Continuously opining, intermittently publishing.
9
March

The Disarming Nature of the Wyoming Firearms Freedom Act

Posted by oshane | Leave a comment at the end of this post.

Here is my constitutional analysis of the Wyoming Firearms Freedom Act, published this month, March 2011, in the Wyoming Law Review.* Below is an excerpt (p. 238):

Although the Wyoming Firearms Freedom Act conflicts with existing federal law, the Act is a constitutionally valid exercise of state power. The Act is a manifestation of the doctrines of interposition and nullification espoused by James Madison and Thomas Jefferson in the early history of the United States. The Act is also a clear exercise of state sovereignty that comports with the historical development of the Tenth Amendment.


*O. Shane Balloun, Comment, The Disarming Nature of the Wyoming Firearms Freedom Act: A Constitutional Analysis of Wyoming’s Interposition Between Its Citizens and the Federal Government, 11 Wyo. L. Rev. 201 (2011).

3 Responses to “The Disarming Nature of the Wyoming Firearms Freedom Act”

  1. Chevas says:

    Nice work. Of course you wrote about guns.

  2. Hank says:

    Very good analysis.
    One thing I thought was lacking from your argument though (and sadly, to my knowledge) never actually argued is that among the “implied powers” excersized by the federal government historically is that of the Supreme Court to review the constitutionality of federal legislation. This function of the Supreme Court is NOT expressly given to the Court in the constitution! A very strong 10-A argument can be made that the right and duty to pass judgement on the constitutionality of federal law resides in the elected members of the State Governments, not in the lifetime-appointed SC justices.
    A simple logic argument augments this theory in that the logical extention of the republican form of government requires that the elected State officers are equally required (and where required, empowered) to “… preserve, protect and defend the constitution…” along with the justices of the SC. Any person taking that oath without the certain ability to make decisions regarding the constitutionality of laws is unfit to serve.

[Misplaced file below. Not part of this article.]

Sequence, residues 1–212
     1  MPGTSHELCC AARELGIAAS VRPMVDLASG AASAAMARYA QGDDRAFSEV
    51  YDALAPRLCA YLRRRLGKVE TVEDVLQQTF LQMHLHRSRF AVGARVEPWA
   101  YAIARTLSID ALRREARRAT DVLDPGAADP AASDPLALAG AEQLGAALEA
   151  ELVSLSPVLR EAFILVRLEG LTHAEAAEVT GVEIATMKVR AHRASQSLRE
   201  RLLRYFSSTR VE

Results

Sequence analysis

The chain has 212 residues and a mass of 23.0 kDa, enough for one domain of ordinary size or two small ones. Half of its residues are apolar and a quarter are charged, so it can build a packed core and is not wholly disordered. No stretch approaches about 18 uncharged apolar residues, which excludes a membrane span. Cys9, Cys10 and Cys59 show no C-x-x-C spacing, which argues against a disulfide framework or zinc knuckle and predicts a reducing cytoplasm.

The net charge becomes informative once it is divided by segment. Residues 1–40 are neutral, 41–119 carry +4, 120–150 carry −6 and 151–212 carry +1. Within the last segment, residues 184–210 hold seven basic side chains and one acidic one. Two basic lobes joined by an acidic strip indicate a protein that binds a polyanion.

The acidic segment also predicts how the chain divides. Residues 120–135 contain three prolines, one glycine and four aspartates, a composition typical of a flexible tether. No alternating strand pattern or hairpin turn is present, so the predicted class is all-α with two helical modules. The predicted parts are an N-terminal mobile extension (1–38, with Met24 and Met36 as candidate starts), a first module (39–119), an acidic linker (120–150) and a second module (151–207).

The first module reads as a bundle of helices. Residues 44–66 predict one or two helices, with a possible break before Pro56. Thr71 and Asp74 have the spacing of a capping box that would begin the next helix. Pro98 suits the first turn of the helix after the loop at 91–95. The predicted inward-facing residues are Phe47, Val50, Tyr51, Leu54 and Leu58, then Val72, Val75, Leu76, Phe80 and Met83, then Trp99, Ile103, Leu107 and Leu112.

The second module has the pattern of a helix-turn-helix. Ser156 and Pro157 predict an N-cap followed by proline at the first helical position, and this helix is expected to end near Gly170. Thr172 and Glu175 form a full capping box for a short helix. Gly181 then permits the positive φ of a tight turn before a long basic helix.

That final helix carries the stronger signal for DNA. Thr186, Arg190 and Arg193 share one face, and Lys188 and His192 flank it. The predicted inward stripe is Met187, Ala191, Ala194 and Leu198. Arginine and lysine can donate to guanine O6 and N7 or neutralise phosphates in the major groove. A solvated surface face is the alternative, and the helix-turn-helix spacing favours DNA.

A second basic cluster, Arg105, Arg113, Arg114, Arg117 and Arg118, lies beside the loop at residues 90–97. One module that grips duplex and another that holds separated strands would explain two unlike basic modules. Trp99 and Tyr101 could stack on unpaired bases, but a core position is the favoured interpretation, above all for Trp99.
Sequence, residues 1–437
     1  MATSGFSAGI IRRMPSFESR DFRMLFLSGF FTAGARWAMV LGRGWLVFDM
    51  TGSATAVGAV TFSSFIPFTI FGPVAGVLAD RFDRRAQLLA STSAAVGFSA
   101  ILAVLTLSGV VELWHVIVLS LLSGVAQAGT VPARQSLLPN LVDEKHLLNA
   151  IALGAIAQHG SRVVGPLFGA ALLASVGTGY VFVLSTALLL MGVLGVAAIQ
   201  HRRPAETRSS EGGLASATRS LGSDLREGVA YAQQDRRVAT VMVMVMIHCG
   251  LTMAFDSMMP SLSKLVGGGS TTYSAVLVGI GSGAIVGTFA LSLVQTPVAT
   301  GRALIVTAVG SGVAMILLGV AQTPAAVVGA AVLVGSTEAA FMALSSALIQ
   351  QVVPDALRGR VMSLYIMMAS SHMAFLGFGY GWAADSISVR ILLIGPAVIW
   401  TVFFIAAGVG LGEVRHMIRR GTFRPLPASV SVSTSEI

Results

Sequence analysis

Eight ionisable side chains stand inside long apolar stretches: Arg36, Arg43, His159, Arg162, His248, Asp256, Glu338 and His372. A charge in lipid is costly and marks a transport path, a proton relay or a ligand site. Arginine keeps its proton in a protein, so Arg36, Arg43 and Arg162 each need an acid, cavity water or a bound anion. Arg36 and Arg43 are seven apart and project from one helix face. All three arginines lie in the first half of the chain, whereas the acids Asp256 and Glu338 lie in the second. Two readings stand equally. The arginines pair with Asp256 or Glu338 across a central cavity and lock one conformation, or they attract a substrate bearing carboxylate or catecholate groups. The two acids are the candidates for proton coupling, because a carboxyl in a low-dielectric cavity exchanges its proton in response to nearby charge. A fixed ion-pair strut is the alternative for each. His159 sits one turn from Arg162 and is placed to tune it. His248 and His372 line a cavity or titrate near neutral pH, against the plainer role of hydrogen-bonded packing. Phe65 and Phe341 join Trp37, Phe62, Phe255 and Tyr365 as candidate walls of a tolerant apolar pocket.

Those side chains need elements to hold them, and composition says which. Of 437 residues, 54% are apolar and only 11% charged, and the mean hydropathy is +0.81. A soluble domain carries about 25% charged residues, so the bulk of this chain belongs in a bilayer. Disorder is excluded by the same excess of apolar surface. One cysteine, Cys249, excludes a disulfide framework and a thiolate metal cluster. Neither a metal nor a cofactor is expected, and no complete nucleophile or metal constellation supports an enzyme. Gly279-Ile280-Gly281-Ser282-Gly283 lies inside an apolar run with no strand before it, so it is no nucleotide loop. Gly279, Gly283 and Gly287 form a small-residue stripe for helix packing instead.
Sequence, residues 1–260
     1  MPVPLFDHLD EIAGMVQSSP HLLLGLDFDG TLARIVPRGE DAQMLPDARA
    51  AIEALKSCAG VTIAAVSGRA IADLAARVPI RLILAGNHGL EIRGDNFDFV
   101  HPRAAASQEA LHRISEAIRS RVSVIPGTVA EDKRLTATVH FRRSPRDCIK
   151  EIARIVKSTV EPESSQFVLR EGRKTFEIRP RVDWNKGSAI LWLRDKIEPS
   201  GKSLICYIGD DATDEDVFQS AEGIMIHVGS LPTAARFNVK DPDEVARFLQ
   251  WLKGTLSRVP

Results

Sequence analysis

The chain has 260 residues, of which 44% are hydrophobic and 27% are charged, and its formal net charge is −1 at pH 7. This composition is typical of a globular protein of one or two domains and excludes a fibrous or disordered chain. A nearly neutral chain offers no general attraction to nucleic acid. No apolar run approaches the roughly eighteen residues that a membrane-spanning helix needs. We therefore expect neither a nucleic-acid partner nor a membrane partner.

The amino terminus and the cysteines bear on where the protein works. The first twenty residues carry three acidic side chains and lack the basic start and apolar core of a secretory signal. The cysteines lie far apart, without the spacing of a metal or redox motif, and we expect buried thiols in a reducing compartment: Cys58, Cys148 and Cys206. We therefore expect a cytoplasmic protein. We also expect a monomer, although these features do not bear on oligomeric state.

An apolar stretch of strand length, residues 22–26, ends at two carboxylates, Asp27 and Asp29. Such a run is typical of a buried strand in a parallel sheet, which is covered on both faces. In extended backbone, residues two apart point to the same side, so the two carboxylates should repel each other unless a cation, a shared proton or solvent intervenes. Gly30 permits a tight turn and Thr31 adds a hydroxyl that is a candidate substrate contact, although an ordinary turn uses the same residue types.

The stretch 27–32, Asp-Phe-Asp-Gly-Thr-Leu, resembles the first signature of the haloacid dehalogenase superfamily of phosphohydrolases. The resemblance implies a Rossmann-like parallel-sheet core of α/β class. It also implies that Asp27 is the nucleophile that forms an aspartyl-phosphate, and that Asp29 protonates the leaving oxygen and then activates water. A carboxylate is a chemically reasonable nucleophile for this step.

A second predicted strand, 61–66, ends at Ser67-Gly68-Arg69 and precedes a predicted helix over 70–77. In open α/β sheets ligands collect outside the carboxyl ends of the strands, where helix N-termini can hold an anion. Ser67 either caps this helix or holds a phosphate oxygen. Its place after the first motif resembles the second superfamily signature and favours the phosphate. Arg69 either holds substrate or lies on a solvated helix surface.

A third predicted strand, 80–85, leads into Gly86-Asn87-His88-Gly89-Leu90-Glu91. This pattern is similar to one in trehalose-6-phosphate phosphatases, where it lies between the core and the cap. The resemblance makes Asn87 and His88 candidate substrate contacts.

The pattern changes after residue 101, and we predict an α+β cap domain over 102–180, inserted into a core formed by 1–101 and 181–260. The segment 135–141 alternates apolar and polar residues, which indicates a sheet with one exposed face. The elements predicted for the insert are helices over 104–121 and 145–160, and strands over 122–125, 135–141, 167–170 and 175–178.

Additionally, the argument that the ability and impulse of the federal government to limit its own powers (while a good one), falls just short of the mark. Not only does the federal government lack the ability and motivation to limit itself, the form of government under the constitution is one which requires the concurrance of 3/4ths of the STATES to make changes to its form/function – the implication of this (Art. 5) requirement combined with the 10th amendment and the lack of expressly delegated power to rule on matters of constitutionality regarding federal law is that the constitutionality of federal law is one of the powers retained by the states and nowhere probited from them by the constitution.

    Regarding the so-called “supremecy clause”, it is in the original text of the constitution, and subject to the modification of and subordination to ammendments added later – the 10th (when there is a conflict) should take precedence.

    • oshane says:

      Hank, thanks very much for reading the article. You make great points.

      Actually, I did point out that the founders were aghast that a document would be created giving or imputing to give the federal government exclusive jurisdiction to interpret its own authority. You are right that I did not go into detail with respect to the case, Marbury v. Madison, which the Supreme Court used to justify its ability to interpret the Constitution with finality (of course, the Court using implied powers to interpret the Constitution to say it has the ultimate power to interpret the Constitution is dubious and circular). On the other hand, this is not an argument I wanted to spend much time on, because it would have expanded the article significantly.

      I ran into some space limits for my comment. In fact, to that end, what is troubling sometimes about law review student authorship is that it is often required to be as narrow as possible.

      I do believe, as you suggest, that I should have touched on the fact that the 10th Amendment comes after the Supremacy Clause and therefore modifies and overrides it and any other clause that came before the 10th Amendment.

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